Closing The Skills Gap

Our country needs a world-class, skilled workforce to lead in global innovation, ensure future economic growth and drive job creation. Unfortunately, the U.S. skills gap is real and growing.

Businesses increasingly have difficulty finding employees with the knowledge and training required to meet their workforce needs. Many high school and college graduates – as well as some adult workers – lack foundational skills needed in the 21st century workplace. These include, for example, analyzing complex texts, adapting to new technologies and problem solving. This misalignment of skills exacerbates unemployment and stifles economic growth.

Business Roundtable believes a multifaceted solution involving public and private players is needed to address this skills gap problem. As a start...

  • Employers must send a clear, direct “demand signal” of the foundational attributes employees must demonstrate to succeed in the workplace;
  • Industry needs to sort out the large and chaotic world of industry credentials; state workforce boards and educational and training centers must understand job needs in each region and focus on helping students acquire the skills needed to fill those jobs; and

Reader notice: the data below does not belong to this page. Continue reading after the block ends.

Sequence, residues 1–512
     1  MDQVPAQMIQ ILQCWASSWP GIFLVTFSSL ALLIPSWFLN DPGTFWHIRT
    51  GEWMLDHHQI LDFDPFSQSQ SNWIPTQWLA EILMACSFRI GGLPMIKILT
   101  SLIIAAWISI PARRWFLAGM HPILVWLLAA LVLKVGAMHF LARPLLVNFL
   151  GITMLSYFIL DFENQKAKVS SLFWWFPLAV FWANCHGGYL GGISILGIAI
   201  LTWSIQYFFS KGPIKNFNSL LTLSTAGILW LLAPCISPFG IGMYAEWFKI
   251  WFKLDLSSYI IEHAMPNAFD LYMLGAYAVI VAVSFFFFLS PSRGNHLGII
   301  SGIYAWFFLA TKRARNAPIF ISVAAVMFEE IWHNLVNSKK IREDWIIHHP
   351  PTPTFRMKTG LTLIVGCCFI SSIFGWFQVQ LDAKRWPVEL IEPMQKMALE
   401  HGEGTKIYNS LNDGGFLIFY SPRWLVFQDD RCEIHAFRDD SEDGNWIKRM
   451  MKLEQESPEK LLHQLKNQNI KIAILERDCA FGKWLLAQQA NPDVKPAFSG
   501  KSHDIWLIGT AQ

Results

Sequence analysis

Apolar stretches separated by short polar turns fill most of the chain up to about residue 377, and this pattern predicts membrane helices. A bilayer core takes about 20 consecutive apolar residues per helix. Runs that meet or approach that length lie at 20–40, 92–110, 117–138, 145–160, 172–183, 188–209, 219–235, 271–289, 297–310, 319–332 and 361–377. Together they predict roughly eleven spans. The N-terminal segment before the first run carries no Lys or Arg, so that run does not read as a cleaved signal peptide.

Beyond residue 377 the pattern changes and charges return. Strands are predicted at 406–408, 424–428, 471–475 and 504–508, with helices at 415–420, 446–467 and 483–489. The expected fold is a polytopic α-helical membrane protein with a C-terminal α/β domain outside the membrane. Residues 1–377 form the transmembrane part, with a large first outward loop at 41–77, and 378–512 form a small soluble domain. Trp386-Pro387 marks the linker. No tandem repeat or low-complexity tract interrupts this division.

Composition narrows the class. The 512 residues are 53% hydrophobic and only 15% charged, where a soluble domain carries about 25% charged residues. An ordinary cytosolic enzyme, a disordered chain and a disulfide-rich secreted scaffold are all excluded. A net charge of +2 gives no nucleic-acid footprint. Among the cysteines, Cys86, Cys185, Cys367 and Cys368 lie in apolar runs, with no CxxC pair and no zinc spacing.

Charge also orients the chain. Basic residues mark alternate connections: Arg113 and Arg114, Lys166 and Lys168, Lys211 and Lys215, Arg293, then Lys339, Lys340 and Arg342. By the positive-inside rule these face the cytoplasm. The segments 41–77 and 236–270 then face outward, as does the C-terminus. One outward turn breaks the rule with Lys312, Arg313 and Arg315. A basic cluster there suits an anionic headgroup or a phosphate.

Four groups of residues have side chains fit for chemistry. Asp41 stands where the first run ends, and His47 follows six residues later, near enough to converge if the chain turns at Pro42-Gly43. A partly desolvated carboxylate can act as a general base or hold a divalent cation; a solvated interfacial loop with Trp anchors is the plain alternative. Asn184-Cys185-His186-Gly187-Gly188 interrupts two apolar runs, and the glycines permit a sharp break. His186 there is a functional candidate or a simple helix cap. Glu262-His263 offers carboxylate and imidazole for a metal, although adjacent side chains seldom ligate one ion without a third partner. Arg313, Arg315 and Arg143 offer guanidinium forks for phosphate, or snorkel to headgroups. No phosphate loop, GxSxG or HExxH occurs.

• Human resources practices must improve across industry to identify competencies gained through valid credential programs and relevant experience.

Business Leaders Respond

SEE HOW AMERICA'S BUSINESS LEADERS ARE WORKING TO CLOSE THE SKILLS GAP

Time to Align

America's Skills Gap and How to Overcome It

As the labor force nears full employment, the U.S. economy faces a tough obstacle — business can't find enough qualified workers to meet rising job openings.

View the Interactive Infographic

Workforce Development

Businesses are struggling to find employees with the knowledge and skills to meet their workforce needs. In fact, according to a 2016 Business Roundtable Survey, at least 95 percent of CEOs reported that it was difficult to find workers with the skills needed to fill open positions. This widening gap is perhaps the largest issue facing the American workforce—and the future of the U.S. economy.